Braille Valentines and Bribery

For most elementary schools and parents, February means the annual valentine preparation. Last year, I was in “go mode” and was able to quickly get Eddie’s valentines in order, but with little help from him. As an afterthought, I realized I didn’t exercise any patience, and just saw it as an item on my daily checklist instead of a learning opportunity for Eddie. Just like last year, I started by ordering braille valentines from National Braille Press. Then, I had high hopes of having Eddie braille his classmates’ names on the envelopes with my help. He does like to use the brailler on occasion, but it can

Holidays and “What Ifs”

After a year and a half of extensive loss within our family, including multiple grandparents and my father-in-law, we were anxious to spend the holidays surrounded by relatives. We’ve been staying with my brother-in-law and his family, and enjoying multiple events. Living amidst a household of six kids or more under one roof can be challenging for Eddie. My daughters love the chaos of holidays with the cousins, but Eddie isn’t always impressed. As usual, we can’t help but ask the negative “what if” questions when planning for the season. What if he is constantly upset? What if he doesn’t sleep? What if he gets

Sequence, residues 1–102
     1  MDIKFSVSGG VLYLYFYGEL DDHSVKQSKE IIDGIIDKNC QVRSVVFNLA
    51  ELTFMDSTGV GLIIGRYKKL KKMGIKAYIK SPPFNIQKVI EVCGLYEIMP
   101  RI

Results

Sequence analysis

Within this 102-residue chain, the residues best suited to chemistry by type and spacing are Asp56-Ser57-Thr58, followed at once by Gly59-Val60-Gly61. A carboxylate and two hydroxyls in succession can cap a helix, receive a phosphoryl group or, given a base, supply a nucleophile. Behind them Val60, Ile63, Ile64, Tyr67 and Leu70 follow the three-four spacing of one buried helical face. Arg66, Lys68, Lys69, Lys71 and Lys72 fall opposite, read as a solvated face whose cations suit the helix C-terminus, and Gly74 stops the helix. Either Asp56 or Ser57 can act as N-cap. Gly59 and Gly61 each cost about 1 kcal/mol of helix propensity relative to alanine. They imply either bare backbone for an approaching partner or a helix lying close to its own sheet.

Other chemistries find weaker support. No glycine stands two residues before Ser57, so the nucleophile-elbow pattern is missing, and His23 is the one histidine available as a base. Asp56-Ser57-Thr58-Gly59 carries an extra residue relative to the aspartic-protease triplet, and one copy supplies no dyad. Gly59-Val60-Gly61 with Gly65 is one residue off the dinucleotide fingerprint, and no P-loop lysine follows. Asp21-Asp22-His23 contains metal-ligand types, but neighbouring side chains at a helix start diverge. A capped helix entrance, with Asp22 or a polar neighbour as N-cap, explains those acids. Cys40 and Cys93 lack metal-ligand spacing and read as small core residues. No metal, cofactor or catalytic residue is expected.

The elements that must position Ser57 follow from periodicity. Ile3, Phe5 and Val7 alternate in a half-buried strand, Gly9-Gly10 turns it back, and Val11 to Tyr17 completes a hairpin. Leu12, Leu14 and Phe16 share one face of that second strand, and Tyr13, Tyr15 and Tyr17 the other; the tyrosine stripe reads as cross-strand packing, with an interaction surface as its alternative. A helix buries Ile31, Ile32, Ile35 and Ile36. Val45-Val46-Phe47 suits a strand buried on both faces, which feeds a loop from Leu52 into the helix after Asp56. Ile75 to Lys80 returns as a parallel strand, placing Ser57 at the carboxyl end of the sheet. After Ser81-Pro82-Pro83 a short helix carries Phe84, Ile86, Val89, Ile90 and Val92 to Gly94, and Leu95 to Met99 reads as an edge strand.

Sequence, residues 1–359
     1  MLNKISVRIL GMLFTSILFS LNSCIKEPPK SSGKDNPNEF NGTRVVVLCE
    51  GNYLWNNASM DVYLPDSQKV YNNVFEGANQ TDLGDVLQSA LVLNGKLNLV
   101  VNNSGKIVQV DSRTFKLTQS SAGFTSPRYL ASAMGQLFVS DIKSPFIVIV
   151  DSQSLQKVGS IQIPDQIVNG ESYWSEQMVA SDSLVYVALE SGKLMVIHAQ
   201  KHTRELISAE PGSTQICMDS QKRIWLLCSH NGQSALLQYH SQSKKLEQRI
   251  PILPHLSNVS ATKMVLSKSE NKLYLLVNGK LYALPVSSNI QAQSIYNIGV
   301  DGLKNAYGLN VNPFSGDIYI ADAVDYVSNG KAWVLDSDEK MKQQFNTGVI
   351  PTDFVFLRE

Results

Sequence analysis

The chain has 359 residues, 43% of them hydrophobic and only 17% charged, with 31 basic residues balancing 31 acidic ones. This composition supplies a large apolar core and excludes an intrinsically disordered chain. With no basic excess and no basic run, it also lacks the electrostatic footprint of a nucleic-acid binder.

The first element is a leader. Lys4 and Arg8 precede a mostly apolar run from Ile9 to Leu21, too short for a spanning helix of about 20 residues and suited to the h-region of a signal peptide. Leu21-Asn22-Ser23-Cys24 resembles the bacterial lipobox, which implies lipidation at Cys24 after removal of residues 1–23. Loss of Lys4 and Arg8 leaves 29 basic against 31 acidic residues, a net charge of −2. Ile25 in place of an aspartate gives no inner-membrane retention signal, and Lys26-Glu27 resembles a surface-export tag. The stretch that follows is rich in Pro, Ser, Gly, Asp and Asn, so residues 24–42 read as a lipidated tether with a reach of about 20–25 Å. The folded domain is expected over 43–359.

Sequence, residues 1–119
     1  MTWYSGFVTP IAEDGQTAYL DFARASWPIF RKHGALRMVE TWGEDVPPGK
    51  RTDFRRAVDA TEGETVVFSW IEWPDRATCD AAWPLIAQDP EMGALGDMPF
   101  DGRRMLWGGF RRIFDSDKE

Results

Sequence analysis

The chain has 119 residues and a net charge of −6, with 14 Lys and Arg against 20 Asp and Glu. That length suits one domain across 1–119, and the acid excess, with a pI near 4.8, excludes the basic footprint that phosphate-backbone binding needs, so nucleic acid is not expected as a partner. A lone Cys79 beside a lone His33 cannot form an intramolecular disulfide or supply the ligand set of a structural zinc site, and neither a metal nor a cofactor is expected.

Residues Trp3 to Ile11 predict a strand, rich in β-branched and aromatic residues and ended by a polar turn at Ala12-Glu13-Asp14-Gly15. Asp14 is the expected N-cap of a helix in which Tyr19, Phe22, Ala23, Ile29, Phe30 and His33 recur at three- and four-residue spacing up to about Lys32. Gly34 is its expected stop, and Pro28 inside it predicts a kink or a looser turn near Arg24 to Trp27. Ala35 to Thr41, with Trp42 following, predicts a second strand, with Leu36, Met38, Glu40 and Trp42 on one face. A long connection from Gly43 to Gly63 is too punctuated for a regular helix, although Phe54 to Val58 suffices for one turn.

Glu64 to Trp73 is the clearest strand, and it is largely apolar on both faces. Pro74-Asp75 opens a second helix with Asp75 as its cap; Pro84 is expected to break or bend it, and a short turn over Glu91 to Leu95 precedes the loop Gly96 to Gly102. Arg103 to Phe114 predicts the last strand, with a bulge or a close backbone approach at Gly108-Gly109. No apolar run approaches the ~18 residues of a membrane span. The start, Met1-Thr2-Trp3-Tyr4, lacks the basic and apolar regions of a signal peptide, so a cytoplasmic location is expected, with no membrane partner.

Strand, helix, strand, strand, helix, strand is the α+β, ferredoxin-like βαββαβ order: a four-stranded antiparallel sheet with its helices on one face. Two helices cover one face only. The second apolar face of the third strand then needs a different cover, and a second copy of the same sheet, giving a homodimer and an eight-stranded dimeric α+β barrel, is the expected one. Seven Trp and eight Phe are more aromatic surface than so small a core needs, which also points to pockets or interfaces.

Santa Cruise and the ECC

As a gift to my children, my kids’ Grandma gave us tickets to go on a local “Santa Cruise.” This involved riding on a boat in a local lake out to an island highly decorated for the season, and Santa himself available to greet the kids. This became another opportunity to work on the Expanded Core Curriculum (ECC) during the Christmas season. Having never participated on a “Santa Cruise” before I didn’t know what to expect. I knew there were lots of Christmas lights and

Gingerbread Houses for Charity and for Eddie